Medtronic’s plan to move headquarters abroad revives tax debate
Medtronic’s bid to move its HQ to Ireland to avoid U.S. taxes continues a trend that is eroding America’s ability to collect taxes from its businesses.If Congress doesn’t act soon, an expert on corporate sheltering said, “policymakers are not going to have a corporate tax bas
Minneapolis Star Tribune
WASHINGTON — Medtronic’s plan to move its headquarters to Ireland after buying a Dublin device company is reigniting a debate in Congress and elsewhere over tax rules that some think are pushing U.S. companies overseas.
The $42.9 billion deal for Covidien would give Medtronic more flexibility to use money it earns abroad without incurring U.S. taxes. The global medical-device maker, deeply rooted in Minnesota, would become the biggest U.S. company to move its place of incorporation to another country over U.S. taxation.
“We’re seeing one of our good, homegrown Minnesota companies make decisions based on a broken tax code,” said Rep. Erik Paulsen, a Republican whose district includes Medtronic headquarters in Fridley, Minn. “It shows why reform is needed.”
Debate over multinational companies’ maneuvering to keep profits outside the United States to avoid taxes has intensified. Pharmaceutical giant Pfizer aborted plans last month to acquire the British company AstraZeneca amid heated criticism of the tax benefits the deal would bring.
University of Southern California law professor Edward Kleinbard, an expert on corporate sheltering of foreign profits, called the deal Medtronic announced Sunday “a textbook example” of using accounting rules to gain unfettered access to cash the United States would otherwise tax.
Kleinbard said the deal may not raise as much political ire as Pfizer’s failed attempt, but it continues a trend that is eroding America’s ability to collect taxes from its businesses.
If Congress doesn’t act soon, Kleinbard said, “policymakers are not going to have a corporate tax base.”
U.S. corporations pay taxes to foreign governments on profits earned abroad. But if they want to spend those profits in the United States, they also are supposed to pay the U.S. the difference between what they paid foreign governments and what they would have paid in U.S. taxes had the income been earned here.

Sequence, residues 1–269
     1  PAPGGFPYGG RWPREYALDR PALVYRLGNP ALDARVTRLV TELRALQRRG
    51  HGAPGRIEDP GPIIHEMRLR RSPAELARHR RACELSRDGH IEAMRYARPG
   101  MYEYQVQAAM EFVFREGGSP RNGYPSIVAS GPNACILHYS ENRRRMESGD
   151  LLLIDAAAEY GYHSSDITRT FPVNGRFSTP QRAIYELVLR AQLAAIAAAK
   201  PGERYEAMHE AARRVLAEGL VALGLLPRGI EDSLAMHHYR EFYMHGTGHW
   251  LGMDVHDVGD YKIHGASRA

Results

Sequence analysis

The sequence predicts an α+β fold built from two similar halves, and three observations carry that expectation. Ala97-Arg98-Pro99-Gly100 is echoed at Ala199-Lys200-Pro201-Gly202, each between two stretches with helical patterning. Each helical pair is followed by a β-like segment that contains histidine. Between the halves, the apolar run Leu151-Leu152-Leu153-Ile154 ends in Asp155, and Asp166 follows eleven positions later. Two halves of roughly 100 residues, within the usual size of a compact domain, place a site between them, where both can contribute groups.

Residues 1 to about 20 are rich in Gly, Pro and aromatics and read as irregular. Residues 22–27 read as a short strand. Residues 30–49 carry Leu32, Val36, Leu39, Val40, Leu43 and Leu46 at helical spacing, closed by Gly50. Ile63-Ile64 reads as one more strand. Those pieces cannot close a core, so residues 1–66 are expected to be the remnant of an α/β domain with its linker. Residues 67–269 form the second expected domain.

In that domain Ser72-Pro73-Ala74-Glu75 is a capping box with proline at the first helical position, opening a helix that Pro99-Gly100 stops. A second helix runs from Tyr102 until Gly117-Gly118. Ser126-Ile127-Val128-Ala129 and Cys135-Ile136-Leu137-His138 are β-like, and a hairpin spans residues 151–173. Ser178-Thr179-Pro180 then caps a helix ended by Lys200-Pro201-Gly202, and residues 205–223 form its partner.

But by becoming a foreign-based company, Medtronic gains nearly “unlimited access” to roughly $14 billion in cash, and in the long term an additional $6.5 billion of foreign profits reinvested abroad, said Robert Willens, a leading corporate-tax consultant.
The U.S. federal corporate tax rate — 35 percent — is the developed world’s highest. And while companies typically pay much less than that, maneuvers like Medtronic’s are costing the government billions.
Democratic Rep. Betty McCollum, of St. Paul, Minn., blamed Medtronic’s actions partly on political gridlock.
“To the extent that this move is to seek a lower corporate tax rate, it should come as no surprise, since this Congress is unwilling to take on the difficult task of providing greater business certainty by moving comprehensive tax-reform legislation,” she said.
Just what changes should take place depends on whom you ask.
In a conference call with investment analysts Monday, Medtronic CEO Omar Ishrak said a strategic marriage of product lines drove the deal — not unrestricted access to Medtronic’s foreign cash. But the larger company will have more investment options, Ishrak said, promising an investment of $10 billion in the United States in the next decade.
Policymakers say the way the deal is structured points to problems with American tax rules.
Paulsen, a member of the House Ways and Means Committee, favors a territorial tax system that requires companies to pay taxes on foreign profits only where they are earned.
“It’s like we’re forcing American companies to pay a toll when they bring their money back home,” Paulsen said. “In nearly every other country, businesses can bring their profits back without a penalty.”
Critics of such a change point out that many U.S. companies use accounting gimmicks to book profits not to the countries where they perform work, but to low-tax havens where they pay little or nothing.
Corporate filings show Medtronic’s effective tax rate was 16.6 percent in 2011, 17.6 percent in 2012 and 18.4 percent in 2013. In Monday’s analysts conference call, Gary Ellis, Medtronic Chief Financial Officer predicted the merger would lower Medtronic’s tax rate by a percentage point or two.
That would make it roughly half the basic U.S. corporate rate. The company has not responded to a request to estimate what it would owe in U.S. taxes if it brought its $20.5 billion in foreign profits back to this country.
Willens said the merger with Covidien probably will not lower Medtronic’s effective tax rate much, if at all. But he thinks the company will avoid a residual tax and “substantial conditions” that likely will be placed on foreign earnings brought back to the U.S. in the event of tax reform.
Former Medtronic CEO Bill George defended the company’s actions in an interview with The New York Times. Foreign profits, George told the Times, “can’t be put to good use right now.”
Minnesota Gov. Mark Dayton relied on assurances from Ishrak that Medtronic’s Minnesota employment will grow with the merger to pronounce it good news for the state.
But that fact makes U.S. tax avoidance even more transparent in the eyes of some. The growth of foreign tax shelters has led the multicountry Organization for Economic Cooperation and Development to undertake a study of what it calls “profit shifting.”
At the Urban-Brookings Tax Center, a Washington think tank, co-director Eric Toder said the developed world’s countries need to “agree on common rules on where profits are going to be taxed” to keep countries from poaching revenue from each other.
The idea that the new Medtronic will be an Irish company, Toder added, is nothing more than “an accounting fiction.”